Barcodes: From Chaos to Tracking
Almost 70 years ago, Joseph Woodland, a young graduate student at the Drexel Institute in Philadelphia, invented a way to speed up the check-out process in stores by automating transactions.
His idea was to mark products with a zebra-striped code, which could be easily read by machines, providing price and description of the item.
26 years later the first product marked with a barcode, the famous Wrigley’s chewing gum, entered the market setting a revolutionary trend in retail, manufacturing and stocking.
Today you will hardly find a product not marked by a barcode or its successor.
What is a barcode?
A barcode is a simple code in the form of pattern of parallel lines, sometimes with numbers, which can be easily read by a machine. Before barcodes, the checkout process required manually writing down or typing the product code; the barcode, however, can be simply scanned in a matter of seconds.
Imagine the time spent typing a 12-digit code manually for 500 products versus doing the same with a barcode scanner – that is why this technology is so revolutionary.
What are 1D and 2D barcodes?
As with any technology, barcodes have, in time, improved to become even more efficient. There are two types of barcodes: 1D, or linear and 2D.
The most widely used barcode type is the 1D linear barcode in UPC (Universal Product Code) format with a 12-digit number. There are different variations of the linear barcode which are more popular in specific organizations or government institutions, like the US mail, where a POSTNET barcode is commonly used.
2D barcodes represent a more complex solution, and can store much more data, including text, but often require a more advanced barcode scanner. 1D scanners cannot read data from 2D barcodes, while 2D scanners can usually read both formats.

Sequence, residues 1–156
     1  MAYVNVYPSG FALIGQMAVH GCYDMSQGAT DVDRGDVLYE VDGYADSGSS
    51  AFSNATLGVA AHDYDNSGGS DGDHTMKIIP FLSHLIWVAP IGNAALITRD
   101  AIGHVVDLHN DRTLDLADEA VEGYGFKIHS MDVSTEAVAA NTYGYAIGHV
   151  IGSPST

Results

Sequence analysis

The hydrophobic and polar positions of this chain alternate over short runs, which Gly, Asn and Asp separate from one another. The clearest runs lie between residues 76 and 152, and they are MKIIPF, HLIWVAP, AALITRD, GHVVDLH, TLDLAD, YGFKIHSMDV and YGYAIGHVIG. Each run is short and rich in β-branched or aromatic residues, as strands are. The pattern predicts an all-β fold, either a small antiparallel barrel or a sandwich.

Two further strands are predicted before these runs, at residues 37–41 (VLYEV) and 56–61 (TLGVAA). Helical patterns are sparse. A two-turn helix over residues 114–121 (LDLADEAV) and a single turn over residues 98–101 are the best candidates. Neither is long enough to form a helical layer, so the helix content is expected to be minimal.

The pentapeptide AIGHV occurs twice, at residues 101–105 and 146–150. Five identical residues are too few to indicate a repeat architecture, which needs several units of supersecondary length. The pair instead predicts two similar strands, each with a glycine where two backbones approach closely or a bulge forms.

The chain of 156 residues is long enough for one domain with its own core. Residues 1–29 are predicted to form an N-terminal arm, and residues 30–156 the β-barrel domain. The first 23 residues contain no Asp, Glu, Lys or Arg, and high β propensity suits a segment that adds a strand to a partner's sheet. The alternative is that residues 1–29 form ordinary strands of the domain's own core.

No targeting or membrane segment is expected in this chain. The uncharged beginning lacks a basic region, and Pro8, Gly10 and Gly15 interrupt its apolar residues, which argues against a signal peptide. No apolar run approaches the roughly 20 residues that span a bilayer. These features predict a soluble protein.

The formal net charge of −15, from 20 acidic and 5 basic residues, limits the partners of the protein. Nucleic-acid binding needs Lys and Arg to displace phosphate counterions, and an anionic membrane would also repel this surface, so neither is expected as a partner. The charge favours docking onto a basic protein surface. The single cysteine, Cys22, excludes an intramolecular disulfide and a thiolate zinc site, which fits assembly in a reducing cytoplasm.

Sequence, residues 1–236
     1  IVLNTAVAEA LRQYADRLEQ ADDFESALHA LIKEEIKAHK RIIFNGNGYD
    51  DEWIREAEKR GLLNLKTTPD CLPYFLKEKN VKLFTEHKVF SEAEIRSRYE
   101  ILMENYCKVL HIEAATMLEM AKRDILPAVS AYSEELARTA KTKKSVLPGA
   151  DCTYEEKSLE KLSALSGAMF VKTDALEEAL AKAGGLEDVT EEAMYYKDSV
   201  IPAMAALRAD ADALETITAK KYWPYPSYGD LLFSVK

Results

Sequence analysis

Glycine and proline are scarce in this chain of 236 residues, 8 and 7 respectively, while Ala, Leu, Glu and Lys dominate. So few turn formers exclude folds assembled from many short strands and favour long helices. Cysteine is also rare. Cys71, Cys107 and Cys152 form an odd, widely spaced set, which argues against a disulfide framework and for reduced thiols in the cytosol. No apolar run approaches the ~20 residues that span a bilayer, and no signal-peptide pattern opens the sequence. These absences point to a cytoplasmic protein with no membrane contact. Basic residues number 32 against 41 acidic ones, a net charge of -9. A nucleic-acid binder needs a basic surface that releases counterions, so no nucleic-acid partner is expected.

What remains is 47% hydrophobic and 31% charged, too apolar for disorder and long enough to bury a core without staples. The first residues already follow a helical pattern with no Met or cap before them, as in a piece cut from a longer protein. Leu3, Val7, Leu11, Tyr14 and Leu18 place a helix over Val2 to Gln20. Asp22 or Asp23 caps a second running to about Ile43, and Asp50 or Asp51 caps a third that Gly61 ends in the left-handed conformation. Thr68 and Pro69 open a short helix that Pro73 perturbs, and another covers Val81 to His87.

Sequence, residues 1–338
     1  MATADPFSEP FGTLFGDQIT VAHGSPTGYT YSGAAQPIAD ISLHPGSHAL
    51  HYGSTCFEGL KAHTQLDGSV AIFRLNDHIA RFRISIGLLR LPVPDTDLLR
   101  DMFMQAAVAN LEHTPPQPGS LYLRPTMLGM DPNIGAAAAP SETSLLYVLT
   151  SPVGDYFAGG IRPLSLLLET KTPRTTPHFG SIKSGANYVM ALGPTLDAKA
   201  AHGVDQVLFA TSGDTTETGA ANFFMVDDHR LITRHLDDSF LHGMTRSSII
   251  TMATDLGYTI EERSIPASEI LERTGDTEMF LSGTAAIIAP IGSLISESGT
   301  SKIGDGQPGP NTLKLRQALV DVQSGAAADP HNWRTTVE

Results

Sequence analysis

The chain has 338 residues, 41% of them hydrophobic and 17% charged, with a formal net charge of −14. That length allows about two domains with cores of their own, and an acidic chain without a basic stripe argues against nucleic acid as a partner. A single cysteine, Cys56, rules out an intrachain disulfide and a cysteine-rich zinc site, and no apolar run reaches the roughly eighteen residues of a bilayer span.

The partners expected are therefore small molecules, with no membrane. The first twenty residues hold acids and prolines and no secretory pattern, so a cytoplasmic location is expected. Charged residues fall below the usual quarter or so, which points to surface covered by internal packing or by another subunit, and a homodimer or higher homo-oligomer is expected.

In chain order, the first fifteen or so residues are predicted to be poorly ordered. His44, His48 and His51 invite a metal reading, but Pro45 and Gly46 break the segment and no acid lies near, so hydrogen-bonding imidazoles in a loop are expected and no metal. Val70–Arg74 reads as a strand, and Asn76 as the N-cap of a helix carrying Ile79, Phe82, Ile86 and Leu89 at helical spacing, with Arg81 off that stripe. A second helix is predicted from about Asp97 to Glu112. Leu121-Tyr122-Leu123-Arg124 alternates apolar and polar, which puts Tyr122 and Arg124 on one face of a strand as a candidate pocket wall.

One of the most popular 2D format barcodes is the QR (Quick Response) code, which is often used for advertising purposes since it can be easily read by a mobile device and can contain the full URL address of a website or any other text, since the capacity of the QR code makes 4296 alphanumeric characters.
Barcodes would be useless if there wasn’t a good way to automatically read them – that is why we need barcode scanners.
Despite a common belief, barcode scanners do not store any data, but only read the number that is represented by the barcode and instantly transfers this data into the system. This means that barcode scanners cannot work on their own and must be connected to a system where the data is stored and can be easily accessed and manipulated.
There are different types of barcode scanners starting with primitive 1D scanners which can read only linear barcodes, and ending with 2D scanners or universal mobile devices which can scan any code and transfer it to the system wirelessly.
Why use barcodes in manufacturing?
The simple answer would be to increase efficiency. This is especially true if you deal with a large number of products with serial numbers.
One might think that barcodes are useful only when it comes to stocking assembled products. However, the truth is, barcodes allow more efficiency even in the production stage, where it can mark completed products with unique serial numbers so that each specific item can be easily tracked and traced.
In such cases, products often have two barcodes: one is assigned to a unique serial number, while the other can contain information about product type or group.
Modern ERP/MRP systems, such as MRPeasy, also offer barcode scanner functionality. Besides that, MRPeasy is among of the first ERP/MRP solutions that allows you to use your mobile device (Android or iOS) as a fully-functional 1D and 2D barcode scanner by simply taking a picture of the barcode. This amazing feature might put an end to traditional barcode scanners as we know them.